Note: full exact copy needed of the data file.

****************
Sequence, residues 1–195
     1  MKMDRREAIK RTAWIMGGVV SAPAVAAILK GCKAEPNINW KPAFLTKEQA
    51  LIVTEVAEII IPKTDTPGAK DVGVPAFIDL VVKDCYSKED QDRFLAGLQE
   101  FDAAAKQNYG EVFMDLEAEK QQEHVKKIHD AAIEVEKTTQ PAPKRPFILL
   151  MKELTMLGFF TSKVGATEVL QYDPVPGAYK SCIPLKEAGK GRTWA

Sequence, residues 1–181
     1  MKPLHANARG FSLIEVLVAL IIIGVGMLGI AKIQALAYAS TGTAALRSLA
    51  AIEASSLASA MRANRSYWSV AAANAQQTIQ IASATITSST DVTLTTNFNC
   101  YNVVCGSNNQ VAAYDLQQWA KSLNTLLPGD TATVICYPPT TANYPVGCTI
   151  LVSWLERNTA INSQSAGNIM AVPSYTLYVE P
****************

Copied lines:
Sequence, residues 1–195
     1  MKMDRREAIK RTAWIMGGVV SAPAVAAILK GCKAEPNINW KPAFLTKEQA
    51  LIVTEVAEII IPKTDTPGAK DVGVPAFIDL VVKDCYSKED QDRFLAGLQE
   101  FDAAAKQNYG EVFMDLEAEK QQEHVKKIHD AAIEVEKTTQ PAPKRPFILL
   151  MKELTMLGFF TSKVGATEVL QYDPVPGAYK SCIPLKEAGK GRTWA

Sequence, residues 1–181
     1  MKPLHANARG FSLIEVLVAL IIIGVGMLGI AKIQALAYAS TGTAALRSLA
    51  AIEASSLASA MRANRSYWSV AAANAQQTIQ IASATITSST DVTLTTNFNC
   101  YNVVCGSNNQ VAAYDLQQWA KSLNTLLPGD TATVICYPPT TANYPVGCTI
   151  LVSWLERNTA INSQSAGNIM AVPSYTLYVE P